BreastfeedingWeekBreastfeeding Week – Mother Support

Everyone agrees that breastfeeding is “the best choice” for feeding babies.  Most people can at least name a few reasons why it is “the perfect food”- natural, readily available, promotes bonding, contains all the relevant nutrients, babies are healthier, cleverer…or are they? 

Does it matter that much?  What are 4-9 IQ points worth anyway?  Children grow fine on formula, don’t they?  And then the debate rages on between mothers defending their right to formula feed with no ill effects for their babies, and those die-hard breastfeed-for-years ladies…

Why is this topic so emotional?  Why do so many women choose to formula feed?  Why do we feel so much guilt around our choices?  Is there perhaps a fear of failure, or feeling of failure?  Does breastfeeding define you – who you are as a woman? Does it limit and restrict you?

For me, breastfeeding is a description of selfless love. It is hard, lonely, confusing, painful and physically and emotionally draining, and yet brings such joy, compassion, peace, strength and intimacy.  It is more than nutrition, more than bonding, more than health for baby and mother. It gives each baby an equal chance of gentle love, undivided attention, and unique nutrients relevant for optimal growth and development. It gives each mother the opportunity to stretch beyond her perceived limits of self, and find resources within she knew nothing about.

Parenting does give those opportunities anyway, but breastfeeding starts the process from the very first moment.

I come back to the question – why do so many mothers give up, or not even start?

  • Maternity leave is short, and financially costly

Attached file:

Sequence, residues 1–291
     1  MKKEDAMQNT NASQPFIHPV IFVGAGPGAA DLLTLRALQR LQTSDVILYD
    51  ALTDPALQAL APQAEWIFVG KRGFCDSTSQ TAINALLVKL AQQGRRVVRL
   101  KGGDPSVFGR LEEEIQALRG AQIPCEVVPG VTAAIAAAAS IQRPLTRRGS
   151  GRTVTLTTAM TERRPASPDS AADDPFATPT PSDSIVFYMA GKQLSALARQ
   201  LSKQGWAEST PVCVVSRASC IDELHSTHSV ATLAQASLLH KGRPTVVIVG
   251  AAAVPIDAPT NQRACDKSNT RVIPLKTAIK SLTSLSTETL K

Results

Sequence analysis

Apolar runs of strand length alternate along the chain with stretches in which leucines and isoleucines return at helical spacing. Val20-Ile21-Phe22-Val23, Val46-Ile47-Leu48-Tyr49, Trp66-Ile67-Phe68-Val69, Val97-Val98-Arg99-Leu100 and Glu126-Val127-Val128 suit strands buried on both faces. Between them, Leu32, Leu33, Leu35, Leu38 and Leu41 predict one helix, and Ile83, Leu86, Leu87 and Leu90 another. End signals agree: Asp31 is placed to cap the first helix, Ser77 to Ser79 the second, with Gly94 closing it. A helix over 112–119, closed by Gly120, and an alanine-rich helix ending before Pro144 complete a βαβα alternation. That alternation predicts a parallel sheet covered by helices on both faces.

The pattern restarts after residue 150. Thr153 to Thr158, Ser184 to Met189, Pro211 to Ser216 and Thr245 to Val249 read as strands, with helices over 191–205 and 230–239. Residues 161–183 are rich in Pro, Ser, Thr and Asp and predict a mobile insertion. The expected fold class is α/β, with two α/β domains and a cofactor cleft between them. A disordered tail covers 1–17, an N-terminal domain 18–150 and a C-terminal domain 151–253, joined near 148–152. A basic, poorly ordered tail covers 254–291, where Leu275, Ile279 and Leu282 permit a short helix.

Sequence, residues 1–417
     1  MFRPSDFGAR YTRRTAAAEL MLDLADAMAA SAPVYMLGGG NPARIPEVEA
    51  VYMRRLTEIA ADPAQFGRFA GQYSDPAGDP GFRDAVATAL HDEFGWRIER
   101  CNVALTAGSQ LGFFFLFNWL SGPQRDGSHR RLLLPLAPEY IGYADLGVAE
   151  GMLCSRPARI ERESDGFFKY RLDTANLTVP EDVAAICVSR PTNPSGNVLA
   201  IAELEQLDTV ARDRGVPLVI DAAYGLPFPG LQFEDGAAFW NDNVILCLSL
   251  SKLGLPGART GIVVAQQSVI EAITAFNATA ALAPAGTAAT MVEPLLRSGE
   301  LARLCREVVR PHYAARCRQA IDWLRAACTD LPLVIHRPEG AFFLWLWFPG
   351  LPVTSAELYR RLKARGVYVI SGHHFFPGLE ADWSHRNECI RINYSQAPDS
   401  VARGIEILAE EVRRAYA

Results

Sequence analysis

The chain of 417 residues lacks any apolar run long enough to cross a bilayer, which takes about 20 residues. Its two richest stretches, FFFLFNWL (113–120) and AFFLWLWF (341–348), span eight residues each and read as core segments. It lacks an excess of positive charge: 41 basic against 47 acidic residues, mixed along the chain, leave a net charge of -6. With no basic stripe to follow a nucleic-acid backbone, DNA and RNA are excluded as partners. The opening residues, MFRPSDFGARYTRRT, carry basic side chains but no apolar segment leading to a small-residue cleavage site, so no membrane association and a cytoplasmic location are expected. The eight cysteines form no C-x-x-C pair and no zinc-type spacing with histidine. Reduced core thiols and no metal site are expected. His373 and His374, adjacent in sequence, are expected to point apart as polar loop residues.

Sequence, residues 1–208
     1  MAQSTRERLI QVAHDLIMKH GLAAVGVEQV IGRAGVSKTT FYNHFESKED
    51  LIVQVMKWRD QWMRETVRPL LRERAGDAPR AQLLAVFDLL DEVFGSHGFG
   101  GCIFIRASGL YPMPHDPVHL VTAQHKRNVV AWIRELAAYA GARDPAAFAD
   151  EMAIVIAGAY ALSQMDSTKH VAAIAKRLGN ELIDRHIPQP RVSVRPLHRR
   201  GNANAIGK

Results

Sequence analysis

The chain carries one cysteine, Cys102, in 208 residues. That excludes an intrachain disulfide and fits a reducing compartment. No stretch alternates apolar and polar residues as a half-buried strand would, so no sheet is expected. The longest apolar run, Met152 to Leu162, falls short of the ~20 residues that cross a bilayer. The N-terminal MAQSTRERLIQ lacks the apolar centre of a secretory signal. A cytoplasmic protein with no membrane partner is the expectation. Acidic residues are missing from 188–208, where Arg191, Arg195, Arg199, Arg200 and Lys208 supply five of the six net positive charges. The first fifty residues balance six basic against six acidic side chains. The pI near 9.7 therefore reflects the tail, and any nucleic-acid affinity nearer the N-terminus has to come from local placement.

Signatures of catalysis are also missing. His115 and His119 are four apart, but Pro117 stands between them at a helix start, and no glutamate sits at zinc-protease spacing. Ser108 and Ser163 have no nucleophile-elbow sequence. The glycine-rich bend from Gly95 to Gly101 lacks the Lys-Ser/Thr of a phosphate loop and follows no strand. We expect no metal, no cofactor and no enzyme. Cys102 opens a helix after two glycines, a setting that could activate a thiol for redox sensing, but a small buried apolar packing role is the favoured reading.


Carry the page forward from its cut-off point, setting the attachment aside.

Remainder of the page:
• There is no opportunity for breastfeeding in the workplace
  • We are a generation whose mothers did not breastfeed – formula was actively promoted to then - they cannot help us & we have not seen it done 
  • It was illegal to breastfeed in public – there is still strong opinion, and pressure to breastfeed “in private” which restricts a breastfeeding woman socially
  • We live far from our families – there is no-one close to help us, or they are only around for a short while
  • Hospital practices are such that they do not empower women to believe they are capable and in control of the situation, or perhaps they are merely not places for a new mother to relax and be comfortable
  • Women need support, and in my opinion “not enough milk” is really an unanswered cry for help.
  • This year the theme for national Breastfeeding Week is Mother Support.
  • What can you do to support a Breastfeeding Woman?
  • Encourage her – find something nice to say
  • Give her a meal / Do the shopping / Invite her over for tea / be a friend
  • Offer to look after her older kids for an afternoon
  • Give her a back massage
  • If you are an employer, give her a little more time – in later, longer lunch, out earlier, flexitime, job sharing opportunities – be creative!
  • Offer to look after her baby while she washes her hair / takes a nap / has some time to relax / gets an important job done
  • Ask her how you can help her – the possibilities are really endless

The only way we are going to improve breastfeeding stats is to realise that actually it is a community responsibility – where the community steps in to help mothers do the best they can to love and nourish their children, so that our children can grow up in an environment where care and respect for one another is part of what community stands for.

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